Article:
Post Planting

Post Planting

We knew there would be difficulties caring for our new baby vines after they went into the ground, but we had no idea how soon they would start. Lee got a call from the planting team as they were driving away from the vineyard: “With this heat wave and drought, you should be covering the vines to make sure they survive.”

Our vineyard was set up for geotextiles. It was supposed to be a vineyard that we never had to bury, but that’s exactly what we were being told to do. The day we finished planting ended up being the first day we used our grape hoe, as the team went to work hilling up over 24 acres. It took several days to complete.

Once safely underground and protected from the heat, the vines still needed to be watered to get them through the drought. Buried and basically invisible, Lee devised a two-phase system to keep them safe. The vineyard team worked in shifts, at sunrise and sunset, alternating between two watering methods. One team drove down the row watering the length of the plantings, drenching the topsoil. The other team walked the vineyard with a water lance, injecting water deep into the soil approximating the location of the vines based on the spacing of the plants. Watering continued even as the buds started to burst with new shoots, and the vines were unburied and exposed to the sun.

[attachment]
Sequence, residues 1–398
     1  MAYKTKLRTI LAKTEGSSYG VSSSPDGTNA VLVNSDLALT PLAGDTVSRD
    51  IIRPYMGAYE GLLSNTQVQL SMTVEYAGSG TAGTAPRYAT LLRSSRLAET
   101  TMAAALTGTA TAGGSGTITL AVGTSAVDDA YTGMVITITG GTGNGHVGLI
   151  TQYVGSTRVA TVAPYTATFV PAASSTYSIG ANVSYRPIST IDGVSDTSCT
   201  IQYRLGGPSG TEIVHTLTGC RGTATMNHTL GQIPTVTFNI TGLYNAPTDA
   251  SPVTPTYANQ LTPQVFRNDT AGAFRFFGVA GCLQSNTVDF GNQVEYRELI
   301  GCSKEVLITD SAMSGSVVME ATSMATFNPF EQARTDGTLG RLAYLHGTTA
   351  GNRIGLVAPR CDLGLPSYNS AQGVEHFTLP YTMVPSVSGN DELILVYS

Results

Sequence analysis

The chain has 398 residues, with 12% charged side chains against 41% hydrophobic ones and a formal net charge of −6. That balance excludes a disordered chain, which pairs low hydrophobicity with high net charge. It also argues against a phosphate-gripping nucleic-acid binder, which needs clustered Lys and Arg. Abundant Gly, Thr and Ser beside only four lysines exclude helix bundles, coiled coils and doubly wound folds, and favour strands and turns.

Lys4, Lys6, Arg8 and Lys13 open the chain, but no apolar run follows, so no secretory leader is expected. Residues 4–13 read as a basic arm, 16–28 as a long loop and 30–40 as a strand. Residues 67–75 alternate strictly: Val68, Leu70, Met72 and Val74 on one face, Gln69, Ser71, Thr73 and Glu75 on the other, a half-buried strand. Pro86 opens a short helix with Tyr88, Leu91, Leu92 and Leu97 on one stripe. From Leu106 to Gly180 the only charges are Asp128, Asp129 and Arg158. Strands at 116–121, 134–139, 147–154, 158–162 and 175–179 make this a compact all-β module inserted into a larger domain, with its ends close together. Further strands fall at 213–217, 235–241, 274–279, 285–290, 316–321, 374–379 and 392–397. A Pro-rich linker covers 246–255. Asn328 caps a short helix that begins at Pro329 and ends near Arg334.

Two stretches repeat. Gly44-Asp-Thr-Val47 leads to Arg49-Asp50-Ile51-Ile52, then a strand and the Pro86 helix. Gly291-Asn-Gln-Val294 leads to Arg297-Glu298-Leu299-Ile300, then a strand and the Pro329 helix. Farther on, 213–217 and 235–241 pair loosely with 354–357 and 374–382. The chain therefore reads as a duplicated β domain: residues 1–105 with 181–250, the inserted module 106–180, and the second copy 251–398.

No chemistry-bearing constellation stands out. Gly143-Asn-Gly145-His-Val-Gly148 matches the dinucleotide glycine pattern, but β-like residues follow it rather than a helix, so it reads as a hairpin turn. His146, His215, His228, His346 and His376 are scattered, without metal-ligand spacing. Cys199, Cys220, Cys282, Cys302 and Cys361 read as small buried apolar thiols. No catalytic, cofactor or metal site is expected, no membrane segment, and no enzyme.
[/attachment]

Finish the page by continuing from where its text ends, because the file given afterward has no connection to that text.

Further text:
The heat eventually broke as the posts for our new trellis system arrived. The posts are designed to be broken down at the end of the season and form a framework for the geotextiles to roll out over, creating an insulated pocket of air over each vine. Their unique hollow design meant the traditional County method of hammering the post directly through the limestone wouldn’t work. After a few failed attempts at hand drilling into the bedrock, Lee called in a 4 ton excavator. It took a matter of minutes from the time the industrial rock drill was dropped off at the vineyard to the time Lee realized that it was broken.

The drill sat for a month awaiting repairs while the days crept closer to fall. It wasn’t until harvest was in full swing that it was finally repaired and fully operational. Angel and Fernando have found their groove, methodically working through each block installing the posts. All that remains is the 17 acre southern site overlooking Pleasant Bay. Now, it’s a race against time to finish the posts and roll out the geotextiles. Follow @redtailvineyardspec on Instagram to watch our journey from bud to bottle.